"And now," Gandalf said, "we come to the matter of the Ring-Bearer. For who among us could carry this burden?"
The Council, gathered in the shade of Elrond's porch, looked questioningly at each other, till each saw that none of them knew of whom Gandalf spoke.
Boromir, son of Denethor, rebuked the wizard, saying, "Surely that is the least of our problems. Seldom has an assembly of so many of high repute gathered in one place."
"And that is itself the problem," Gandalf replied sternly. "None of us may carry the Ring. I myself have carried it too long already. For the gravest danger to the Ring-bearer's mission is not the Dark Lord, but the Ring-bearer himself. Or, as may be, herself."
"Herself?" Gimli repeated, incredulous.
"You will meet her shortly," Gandalf said. "She may do what none of us could hope to, for her greatness is that she is the humblest creature I have met in my travels—and I have travelled more than a little. The Ring tempts all to power. It corrupts all whom it touches. Anyone who thinks highly of himself—anyone accustomed to the esteem of others—in short, any one of us—would ourselves become the new Dark Lord long ere we reached Mordor. Ah, I hear her approaching now."
In the distance, hooves drummed against the hard earth of the road approaching Elrond's house. They did not stop, but turned to a sharp ringing as the animal continued onto the paving-stones leading into the house. Soon a small, light-yellow horse with a flowing ribbon of pink mane passed out from the house, under an archway, and stood before them, regarding them with wondering, innocent eyes. The members of the Council likewise stared back in wonder, for great gossamer wings were folded along her sides.
"Um. Hi?" the yellow pegasus mare said. She looked to Gandalf.
"This is Fluttershy, of the Pony folk," the wizard said the the Council. Then turning to her, he said, "Fluttershy. The burden I ask you to bear is a heavy one. So heavy that none could lay it on another. I do not lay it on you. But if you take it freely, I will say that your choice is right."
"Okay," Fluttershy said. "If you think so." And Gandalf placed around her neck a silver chain, which bore a plain golden ring of no remark, save for an almost sinister, winking gleam.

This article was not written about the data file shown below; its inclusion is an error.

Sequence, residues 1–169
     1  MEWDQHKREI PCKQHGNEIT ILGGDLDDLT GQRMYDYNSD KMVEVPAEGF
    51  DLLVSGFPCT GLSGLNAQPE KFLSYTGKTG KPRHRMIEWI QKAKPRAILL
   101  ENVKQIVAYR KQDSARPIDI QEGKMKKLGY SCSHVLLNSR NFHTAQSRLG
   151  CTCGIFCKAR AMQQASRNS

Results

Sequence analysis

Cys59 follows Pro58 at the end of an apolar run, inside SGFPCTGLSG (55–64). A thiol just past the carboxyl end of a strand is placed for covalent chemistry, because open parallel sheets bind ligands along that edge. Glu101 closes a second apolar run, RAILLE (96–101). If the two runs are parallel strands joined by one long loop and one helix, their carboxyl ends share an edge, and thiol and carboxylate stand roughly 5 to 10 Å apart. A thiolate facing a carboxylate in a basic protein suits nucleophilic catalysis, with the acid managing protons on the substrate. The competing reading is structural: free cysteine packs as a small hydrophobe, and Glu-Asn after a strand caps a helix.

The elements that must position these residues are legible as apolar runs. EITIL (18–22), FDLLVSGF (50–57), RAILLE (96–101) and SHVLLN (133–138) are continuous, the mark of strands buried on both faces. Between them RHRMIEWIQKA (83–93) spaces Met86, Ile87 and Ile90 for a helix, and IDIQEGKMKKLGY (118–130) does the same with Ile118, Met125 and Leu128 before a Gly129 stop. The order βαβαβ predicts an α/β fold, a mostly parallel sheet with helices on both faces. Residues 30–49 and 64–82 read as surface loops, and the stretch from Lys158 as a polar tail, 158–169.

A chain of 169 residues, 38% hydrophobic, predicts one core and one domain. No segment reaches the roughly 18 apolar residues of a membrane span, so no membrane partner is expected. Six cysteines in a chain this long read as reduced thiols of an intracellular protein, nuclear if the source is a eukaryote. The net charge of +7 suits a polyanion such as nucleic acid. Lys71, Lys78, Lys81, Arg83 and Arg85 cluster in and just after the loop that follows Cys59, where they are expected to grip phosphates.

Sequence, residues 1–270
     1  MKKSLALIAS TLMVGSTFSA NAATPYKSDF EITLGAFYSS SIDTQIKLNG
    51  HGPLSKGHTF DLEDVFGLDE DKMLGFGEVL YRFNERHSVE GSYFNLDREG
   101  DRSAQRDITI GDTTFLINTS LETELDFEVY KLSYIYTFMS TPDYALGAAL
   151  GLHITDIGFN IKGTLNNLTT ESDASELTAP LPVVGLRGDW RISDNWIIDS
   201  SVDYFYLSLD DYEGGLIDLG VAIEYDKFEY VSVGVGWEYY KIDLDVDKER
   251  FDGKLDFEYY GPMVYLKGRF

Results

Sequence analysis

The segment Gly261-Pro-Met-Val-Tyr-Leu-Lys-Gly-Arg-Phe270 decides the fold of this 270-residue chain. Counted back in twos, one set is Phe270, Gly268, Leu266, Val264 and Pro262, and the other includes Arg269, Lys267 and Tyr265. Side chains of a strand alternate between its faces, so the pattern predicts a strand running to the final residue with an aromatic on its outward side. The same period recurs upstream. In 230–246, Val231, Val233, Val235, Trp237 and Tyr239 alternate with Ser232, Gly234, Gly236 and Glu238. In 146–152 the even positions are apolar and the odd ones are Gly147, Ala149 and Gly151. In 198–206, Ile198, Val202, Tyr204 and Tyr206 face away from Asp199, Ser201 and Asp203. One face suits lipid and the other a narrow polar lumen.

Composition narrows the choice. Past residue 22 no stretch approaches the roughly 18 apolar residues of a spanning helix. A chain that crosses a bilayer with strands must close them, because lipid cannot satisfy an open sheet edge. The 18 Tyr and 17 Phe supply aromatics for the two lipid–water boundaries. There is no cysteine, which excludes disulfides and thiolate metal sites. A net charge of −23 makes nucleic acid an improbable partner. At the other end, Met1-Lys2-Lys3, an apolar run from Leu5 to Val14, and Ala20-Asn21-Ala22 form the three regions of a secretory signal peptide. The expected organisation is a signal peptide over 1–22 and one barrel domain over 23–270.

Aragorn, son of Arathorn spoke. "You shall not bear it entirely alone. Many who stand before you now already have pledged their lives to see you safely to the land of Mordor, even unto the very crack of Mount Doom."
"Gee," the pegasus mare said, taking stock of all those gathered there. "That's an awful lot of people."
"A shamefully small number, lady," Aragorn said, "to stand against the evils arrayed against you. But if by my life or death I can protect you, I will. You have my sword."
Legolas stepped up. "And you have my bow."
"And my axe,” Gimli said grimly.
"Or ... um ... I could just fly it there," Fluttershy said. "If that's okay with you."
The members of the council looked at each other in wonder.
Gandalf stroked his beard. "I was thinking you could fly back from Mount Doom. After walking all the way there, experiencing many marvellous and terrible adventures, and witnessing the heroic death of at least one of those present here."
And the rest of the council all coughed and shuffled their feet.
Then Elrond spoke. "To walk into Mordor needlessly would be an act of folly."
"Flying's good, too," said Gimli. All save Gandalf nodded in agreement.
"Okay," Fluttershy said. "I'll just go drop this nasty thing in the big boiling volcano, then." And she unfurled her wings and leapt into the air.
"Wait!" Gandalf called after her. "You're missing out on a wonderful learning experience!" But she had already vanished from sight.
All were silent for a time, until at last Elrond spoke again. "This quest may be attempted by the weak with as much hope as the strong. Yet such is oft the course of deeds that move the wheels of the world: small hands do them because they must, while the eyes of the great are elsewhere."
"Hooves," Gandalf corrected, still cross.
"Yes. Small hooves. And to divert the eyes of the great, we must straightaway move on Mordor, though all the might of our armies be naught but a distraction from the mission of this most humble mare—"
"Hi again," Fluttershy said, landing softly on the flagstones before Elrond.
Gandalf spoke softly. "Back so soon? Does this burden weigh heavily, now, my dear Fluttershy? There is no shame in saying so."
Fluttershy shook her head. "Oh, no. I gave the Ring to Rainbow Dash. She's a much better flyer than I am."
"Rainbow Dash?!" Gandalf struck the stone floor with his staff. "Fool!" he cried. "You have doomed us all!"
And thus began the Fourth Age of Middle-Earth, the Age of Awesome. And the shadow of Rainbow Dash fell across the land, and all trembled before the terrible glory of Her rainbow.